“We are ready, subject to security council guidance and the prevailing security situation, to resume our security council mandated verification activities in Iraq,” International Atomic Energy Agency (IAEA) spokesman Mark Gwozdecky said on Wednesday.
The IAEA, which monitored Saddam Hussein’s nuclear sites before the invasion, informed the UN Security Council that equipment and materials that could be used to make atomic weapons have been vanishing from Iraq but neither Baghdad nor Washington had noticed.
Iraq‘s Science and Technology Minister Rashad Umar said in Baghdad on Tuesday everything at the nuclear sites belonging to his ministry was accounted for and that there had been no recent disappearances.
Al-Baradai says sensitive Iraqi
“The locations that belong to the science and technology ministry are secure and under our control,” Umar said.
He said nothing had gone missing since a looting spree after the US-led invasion in March 2003, which the US and Britain said was to rid Iraq of weapons of mass destruction. Both countries now admit Iraq had no caches of banned weapons.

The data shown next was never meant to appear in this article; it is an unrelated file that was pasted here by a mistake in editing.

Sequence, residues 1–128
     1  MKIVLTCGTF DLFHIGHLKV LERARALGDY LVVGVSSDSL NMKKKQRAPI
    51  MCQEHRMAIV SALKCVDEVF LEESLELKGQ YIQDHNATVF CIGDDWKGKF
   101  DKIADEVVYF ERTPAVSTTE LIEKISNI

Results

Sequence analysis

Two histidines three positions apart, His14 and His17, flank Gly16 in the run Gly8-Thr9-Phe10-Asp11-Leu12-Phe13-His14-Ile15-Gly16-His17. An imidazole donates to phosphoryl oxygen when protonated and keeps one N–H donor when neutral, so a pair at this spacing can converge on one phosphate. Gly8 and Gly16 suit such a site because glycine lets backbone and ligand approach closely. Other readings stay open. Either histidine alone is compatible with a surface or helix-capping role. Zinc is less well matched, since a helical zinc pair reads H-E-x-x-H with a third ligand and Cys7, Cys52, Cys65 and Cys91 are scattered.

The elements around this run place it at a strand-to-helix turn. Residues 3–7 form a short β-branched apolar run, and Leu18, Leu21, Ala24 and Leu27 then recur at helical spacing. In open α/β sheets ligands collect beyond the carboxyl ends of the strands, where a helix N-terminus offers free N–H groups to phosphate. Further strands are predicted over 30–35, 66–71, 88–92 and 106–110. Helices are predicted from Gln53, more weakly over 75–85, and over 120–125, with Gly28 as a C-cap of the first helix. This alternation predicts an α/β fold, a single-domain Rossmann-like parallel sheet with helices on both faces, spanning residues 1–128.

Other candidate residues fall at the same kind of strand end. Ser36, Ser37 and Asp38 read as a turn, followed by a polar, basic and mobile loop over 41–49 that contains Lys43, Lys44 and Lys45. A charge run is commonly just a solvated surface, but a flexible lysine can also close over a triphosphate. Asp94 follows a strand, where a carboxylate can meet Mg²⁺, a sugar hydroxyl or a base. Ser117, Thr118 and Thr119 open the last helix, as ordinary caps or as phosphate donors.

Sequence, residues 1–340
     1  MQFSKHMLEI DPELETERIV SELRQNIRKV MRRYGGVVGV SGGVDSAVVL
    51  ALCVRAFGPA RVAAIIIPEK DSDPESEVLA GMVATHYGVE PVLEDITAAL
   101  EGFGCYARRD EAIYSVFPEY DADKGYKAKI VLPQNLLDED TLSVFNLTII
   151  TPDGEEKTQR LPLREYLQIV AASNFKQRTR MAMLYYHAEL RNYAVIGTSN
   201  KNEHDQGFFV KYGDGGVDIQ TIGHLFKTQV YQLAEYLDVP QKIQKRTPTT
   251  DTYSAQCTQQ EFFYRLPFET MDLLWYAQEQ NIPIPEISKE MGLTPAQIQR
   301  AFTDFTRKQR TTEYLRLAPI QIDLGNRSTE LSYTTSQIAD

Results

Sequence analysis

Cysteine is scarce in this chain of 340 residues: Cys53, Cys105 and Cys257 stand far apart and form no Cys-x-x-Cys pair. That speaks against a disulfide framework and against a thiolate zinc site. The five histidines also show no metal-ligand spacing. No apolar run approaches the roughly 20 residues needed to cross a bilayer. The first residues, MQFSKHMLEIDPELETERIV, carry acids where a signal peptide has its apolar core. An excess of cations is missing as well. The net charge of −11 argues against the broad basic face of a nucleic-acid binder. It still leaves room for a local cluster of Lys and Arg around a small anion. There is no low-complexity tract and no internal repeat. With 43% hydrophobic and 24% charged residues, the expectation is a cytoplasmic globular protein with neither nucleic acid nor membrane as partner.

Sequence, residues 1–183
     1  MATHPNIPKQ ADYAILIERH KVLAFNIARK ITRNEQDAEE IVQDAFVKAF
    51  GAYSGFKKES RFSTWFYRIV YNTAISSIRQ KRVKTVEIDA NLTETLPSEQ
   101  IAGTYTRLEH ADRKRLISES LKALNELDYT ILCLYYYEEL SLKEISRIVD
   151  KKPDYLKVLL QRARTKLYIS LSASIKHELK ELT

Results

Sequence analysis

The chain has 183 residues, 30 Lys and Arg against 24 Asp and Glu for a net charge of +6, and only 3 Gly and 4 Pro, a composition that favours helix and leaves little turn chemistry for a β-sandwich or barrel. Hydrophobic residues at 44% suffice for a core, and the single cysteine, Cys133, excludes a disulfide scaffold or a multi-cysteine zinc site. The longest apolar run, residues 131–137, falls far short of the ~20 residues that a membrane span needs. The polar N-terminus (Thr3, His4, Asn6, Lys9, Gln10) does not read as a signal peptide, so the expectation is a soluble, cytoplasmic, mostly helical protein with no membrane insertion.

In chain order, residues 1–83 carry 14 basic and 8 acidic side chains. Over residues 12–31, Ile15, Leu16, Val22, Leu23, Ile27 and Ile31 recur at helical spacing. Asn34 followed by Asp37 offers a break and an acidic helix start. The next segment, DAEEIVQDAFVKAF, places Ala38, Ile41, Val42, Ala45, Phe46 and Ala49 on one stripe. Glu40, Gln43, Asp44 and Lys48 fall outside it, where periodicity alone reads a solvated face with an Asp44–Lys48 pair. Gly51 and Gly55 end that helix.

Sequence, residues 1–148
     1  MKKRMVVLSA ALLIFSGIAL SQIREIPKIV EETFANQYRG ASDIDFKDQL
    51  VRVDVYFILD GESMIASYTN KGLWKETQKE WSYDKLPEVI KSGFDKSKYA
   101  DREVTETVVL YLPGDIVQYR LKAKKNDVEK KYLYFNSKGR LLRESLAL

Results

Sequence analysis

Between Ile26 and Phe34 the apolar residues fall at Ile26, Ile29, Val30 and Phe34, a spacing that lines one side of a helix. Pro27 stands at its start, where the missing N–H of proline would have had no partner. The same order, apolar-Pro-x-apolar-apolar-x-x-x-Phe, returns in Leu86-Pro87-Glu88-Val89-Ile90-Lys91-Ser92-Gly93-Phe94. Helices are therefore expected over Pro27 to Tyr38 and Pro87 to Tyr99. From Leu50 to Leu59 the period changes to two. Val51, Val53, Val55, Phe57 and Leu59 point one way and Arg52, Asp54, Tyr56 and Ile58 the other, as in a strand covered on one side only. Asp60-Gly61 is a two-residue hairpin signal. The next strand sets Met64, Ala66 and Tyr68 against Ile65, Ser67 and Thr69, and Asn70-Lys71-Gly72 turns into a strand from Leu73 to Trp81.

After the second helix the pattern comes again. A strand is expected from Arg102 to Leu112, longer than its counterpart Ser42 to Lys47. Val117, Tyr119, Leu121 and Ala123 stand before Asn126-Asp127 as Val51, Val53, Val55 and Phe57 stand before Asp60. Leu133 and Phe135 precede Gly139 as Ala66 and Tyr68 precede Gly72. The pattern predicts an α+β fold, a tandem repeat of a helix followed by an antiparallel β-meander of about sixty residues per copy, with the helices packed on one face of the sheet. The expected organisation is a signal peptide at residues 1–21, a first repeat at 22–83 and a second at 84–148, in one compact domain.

But a Western diplomat close to the IAEA said Umar’s comments did not appear to apply to the sites the IAEA was worried about – which may belong to Iraq‘s defence ministry.
Umar specifically referred to the Iraqi nuclear research complex at Tuwaitha near Baghdad, the one site where the IAEA has conducted limited inspections last year and this year.
“The locations that belong to the science and technology ministry are secure and under our control”
Rashad Omar, Iraqi science and technology minister
“The concerns raised in the [IAEA] letter centre around material and equipment in dozens of other facilities, most of which are part of the broader complex of former military-related facilities,” the diplomat said on condition of anonymity.
Satellite imagery shows entire buildings in Iraq that once housed high-precision equipment have been stripped, IAEA chief Muhammad al-Baradai said in a letter to the UN Security Council.
In 1991, the IAEA detected Saddam’s nuclear weapons programme and spent the next seven years investigating and dismantling it, before leaving the country in December 1998.
After returning in November 2002 until they were evacuated in March 2003, the IAEA was confident none of the dual-use nuclear equipment in Iraq was being used in a weapons programme.